6 See Roberto Salinas, "Privatization in Mexico: Good, But Not Enough," Heritage Foundation Backgrounder No. 757, November 15,1990. sent. Instead, the U.S. should insist that Vietnam look for loans from foreign private banks. Because private banks are profit-motivated, they are more likely than the World Bank to make loans that would return a profit in die shortest period of time. Washing- ton, moreover, should urge Hanoi to look to examples like the, Republic of China on Taiwan, Hong Kong, the Republic of Korea, and Singapore, where market reforms, not World Bank bureaucracies, stimulated economic growth. To assist Vietnam along this path, the Bush Administration should bring Vietnamese officials from the Minis- tries of Finance and Commerce to the U.S. for firsthand experience in the workings of the U.S. economy and financial systems. V Insist that Vietnam repay Its $150 million In World Bank loans received before 1978 by privatizing public sector Industries and allowing debt-for-equlty swaps with foreign companies.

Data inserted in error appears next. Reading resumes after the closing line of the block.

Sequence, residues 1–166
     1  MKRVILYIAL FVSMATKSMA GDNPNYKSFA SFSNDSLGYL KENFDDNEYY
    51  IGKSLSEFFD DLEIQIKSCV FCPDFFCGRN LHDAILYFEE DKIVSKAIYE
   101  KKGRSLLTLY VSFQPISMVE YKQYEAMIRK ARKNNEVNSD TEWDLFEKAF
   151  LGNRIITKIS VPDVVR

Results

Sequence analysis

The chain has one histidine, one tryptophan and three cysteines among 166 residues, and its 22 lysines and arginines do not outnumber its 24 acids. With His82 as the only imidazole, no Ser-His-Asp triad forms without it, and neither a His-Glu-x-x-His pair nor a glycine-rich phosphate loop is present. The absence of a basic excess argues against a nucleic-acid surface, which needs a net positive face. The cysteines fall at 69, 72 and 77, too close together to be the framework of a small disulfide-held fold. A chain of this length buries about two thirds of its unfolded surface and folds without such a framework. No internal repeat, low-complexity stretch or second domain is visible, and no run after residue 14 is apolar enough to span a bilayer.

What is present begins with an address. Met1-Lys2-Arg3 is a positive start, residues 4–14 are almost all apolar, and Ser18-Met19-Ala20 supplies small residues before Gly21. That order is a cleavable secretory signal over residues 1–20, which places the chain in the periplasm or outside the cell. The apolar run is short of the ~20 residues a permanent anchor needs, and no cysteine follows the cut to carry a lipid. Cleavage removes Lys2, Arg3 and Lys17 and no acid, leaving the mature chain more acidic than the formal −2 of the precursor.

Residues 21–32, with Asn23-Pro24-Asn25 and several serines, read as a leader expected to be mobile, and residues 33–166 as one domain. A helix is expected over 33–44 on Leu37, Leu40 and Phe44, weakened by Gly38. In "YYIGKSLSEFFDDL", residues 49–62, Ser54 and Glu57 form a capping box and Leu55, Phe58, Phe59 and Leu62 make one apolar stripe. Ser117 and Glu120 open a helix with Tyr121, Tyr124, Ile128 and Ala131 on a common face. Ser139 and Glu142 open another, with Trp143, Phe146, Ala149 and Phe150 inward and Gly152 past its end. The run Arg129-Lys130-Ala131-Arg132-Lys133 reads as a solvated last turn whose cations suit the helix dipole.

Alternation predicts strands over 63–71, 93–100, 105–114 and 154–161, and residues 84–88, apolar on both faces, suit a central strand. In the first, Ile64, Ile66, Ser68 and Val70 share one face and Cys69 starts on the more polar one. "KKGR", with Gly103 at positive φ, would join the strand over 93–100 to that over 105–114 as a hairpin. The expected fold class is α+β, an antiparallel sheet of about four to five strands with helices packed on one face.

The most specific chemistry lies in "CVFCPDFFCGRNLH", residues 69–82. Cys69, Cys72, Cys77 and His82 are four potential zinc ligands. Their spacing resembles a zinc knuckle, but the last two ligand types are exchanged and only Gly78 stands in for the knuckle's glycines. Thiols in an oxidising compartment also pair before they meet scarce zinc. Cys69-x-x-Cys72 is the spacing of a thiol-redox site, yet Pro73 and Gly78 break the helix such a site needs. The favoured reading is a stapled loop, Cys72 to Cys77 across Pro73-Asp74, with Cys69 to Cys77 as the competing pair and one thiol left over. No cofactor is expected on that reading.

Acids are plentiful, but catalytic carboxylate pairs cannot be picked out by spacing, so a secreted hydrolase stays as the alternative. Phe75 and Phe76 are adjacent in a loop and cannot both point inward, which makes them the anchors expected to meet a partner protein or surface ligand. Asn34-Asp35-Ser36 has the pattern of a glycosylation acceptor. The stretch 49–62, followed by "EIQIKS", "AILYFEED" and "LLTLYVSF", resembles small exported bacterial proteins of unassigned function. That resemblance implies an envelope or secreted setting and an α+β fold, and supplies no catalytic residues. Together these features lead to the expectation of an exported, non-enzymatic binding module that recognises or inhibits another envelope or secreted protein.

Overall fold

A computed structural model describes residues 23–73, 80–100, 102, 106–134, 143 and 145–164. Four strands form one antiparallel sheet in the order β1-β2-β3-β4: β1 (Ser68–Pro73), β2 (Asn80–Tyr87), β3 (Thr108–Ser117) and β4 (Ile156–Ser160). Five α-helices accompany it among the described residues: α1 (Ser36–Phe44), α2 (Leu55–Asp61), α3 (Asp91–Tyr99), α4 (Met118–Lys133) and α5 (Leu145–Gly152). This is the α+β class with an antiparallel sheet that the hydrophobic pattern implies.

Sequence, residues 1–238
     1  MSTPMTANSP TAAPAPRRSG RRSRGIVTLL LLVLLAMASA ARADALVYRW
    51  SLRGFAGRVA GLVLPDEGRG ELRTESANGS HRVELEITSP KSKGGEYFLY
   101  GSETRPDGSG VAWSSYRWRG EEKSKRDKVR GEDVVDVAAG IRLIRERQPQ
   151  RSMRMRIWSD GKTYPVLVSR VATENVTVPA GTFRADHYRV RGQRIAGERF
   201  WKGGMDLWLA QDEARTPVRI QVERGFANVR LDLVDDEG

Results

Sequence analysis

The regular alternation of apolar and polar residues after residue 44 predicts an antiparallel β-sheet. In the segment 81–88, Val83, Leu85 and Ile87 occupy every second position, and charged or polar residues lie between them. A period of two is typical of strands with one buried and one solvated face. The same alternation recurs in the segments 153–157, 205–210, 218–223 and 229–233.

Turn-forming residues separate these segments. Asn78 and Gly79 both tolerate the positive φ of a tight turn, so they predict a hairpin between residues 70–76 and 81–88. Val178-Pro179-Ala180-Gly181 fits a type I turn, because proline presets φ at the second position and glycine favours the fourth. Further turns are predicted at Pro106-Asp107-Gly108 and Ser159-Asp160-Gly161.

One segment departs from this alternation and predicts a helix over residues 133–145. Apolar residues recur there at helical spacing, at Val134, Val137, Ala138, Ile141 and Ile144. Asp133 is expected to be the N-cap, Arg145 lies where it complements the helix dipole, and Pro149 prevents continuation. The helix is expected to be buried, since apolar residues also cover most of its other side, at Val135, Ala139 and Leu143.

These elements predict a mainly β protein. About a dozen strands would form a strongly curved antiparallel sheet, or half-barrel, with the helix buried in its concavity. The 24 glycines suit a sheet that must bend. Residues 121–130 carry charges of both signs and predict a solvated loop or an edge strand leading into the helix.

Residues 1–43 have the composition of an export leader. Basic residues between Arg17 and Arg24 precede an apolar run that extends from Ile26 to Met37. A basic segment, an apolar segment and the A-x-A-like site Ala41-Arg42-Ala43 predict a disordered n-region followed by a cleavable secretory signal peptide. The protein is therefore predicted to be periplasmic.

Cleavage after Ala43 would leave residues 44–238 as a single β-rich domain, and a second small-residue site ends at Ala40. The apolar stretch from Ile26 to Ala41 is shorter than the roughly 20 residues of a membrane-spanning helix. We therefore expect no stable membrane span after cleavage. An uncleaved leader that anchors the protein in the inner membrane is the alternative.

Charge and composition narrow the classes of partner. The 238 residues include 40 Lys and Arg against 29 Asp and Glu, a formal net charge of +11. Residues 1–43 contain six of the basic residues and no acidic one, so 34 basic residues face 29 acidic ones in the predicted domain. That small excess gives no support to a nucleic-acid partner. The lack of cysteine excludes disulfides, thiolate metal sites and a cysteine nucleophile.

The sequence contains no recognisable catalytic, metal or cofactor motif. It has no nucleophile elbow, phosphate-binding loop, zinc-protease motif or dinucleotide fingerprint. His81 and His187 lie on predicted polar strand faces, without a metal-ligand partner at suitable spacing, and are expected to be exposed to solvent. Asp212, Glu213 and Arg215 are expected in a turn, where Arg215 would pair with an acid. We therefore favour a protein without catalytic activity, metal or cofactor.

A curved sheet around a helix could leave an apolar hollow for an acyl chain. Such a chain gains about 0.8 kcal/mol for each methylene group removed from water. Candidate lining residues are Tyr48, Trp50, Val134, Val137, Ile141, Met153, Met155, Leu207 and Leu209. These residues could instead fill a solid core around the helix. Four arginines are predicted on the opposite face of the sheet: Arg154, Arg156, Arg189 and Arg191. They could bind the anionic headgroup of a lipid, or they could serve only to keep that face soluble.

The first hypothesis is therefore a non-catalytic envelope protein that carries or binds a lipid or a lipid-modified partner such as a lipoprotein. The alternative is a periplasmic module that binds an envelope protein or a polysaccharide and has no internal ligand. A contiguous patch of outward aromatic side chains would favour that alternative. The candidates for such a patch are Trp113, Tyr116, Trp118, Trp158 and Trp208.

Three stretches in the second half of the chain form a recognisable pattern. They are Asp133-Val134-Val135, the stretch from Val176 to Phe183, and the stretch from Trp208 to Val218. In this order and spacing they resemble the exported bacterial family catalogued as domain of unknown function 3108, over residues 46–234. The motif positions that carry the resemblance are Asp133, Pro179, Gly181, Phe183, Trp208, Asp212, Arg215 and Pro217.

While opposing any Vietnamese attempt to borrow money from the World Bank, Washington should propose that Hanoi approve a debt-for-equity swap, in which its World Bank debts am "boughe' by a foreign bank or company. Vietnam, then, will pay off this debt to the foreign banks and companies by selling off shares of its remaining public sector industries, such as telecommunications and transportation. Because for- eign banks and companies will want to make a profit on their now acquisitions, they will seek to modernize and otherwise improve Vietnam's failing and outdated indus- tries. As a result, not only will Vietnam quickly be able to clean its slate of past dues, but it also will be able to modernize its infrastructure with a major infusion of capital and technology into the country. V Give no aid to Vietnam other than disaster relief or emergency economic assistance with a set termInation date.

The track record of the U.S. Agency for International Development over the past three decades scarcely has been better than the World Bank in bringing prosperity to less developed countries.7 Uttle good, therefore, can be expected from giving bilateral foreign aid into Vietnam. The Bush Administration, therefore, should offer assistance only for emergency food and medical help, such as the $3 million in humanitarian as- sistance already offered to Hanoi this March. All emergency economic assistance, moreover, should come with a termination date. In this way, the U.S. would help pre- vent Vietnam from a dangerous dependence on aid that is certain to inhibit the growth of its private sector and free market. V Withhold diplomatic recognition of Vietnam until at least the spring of 1993.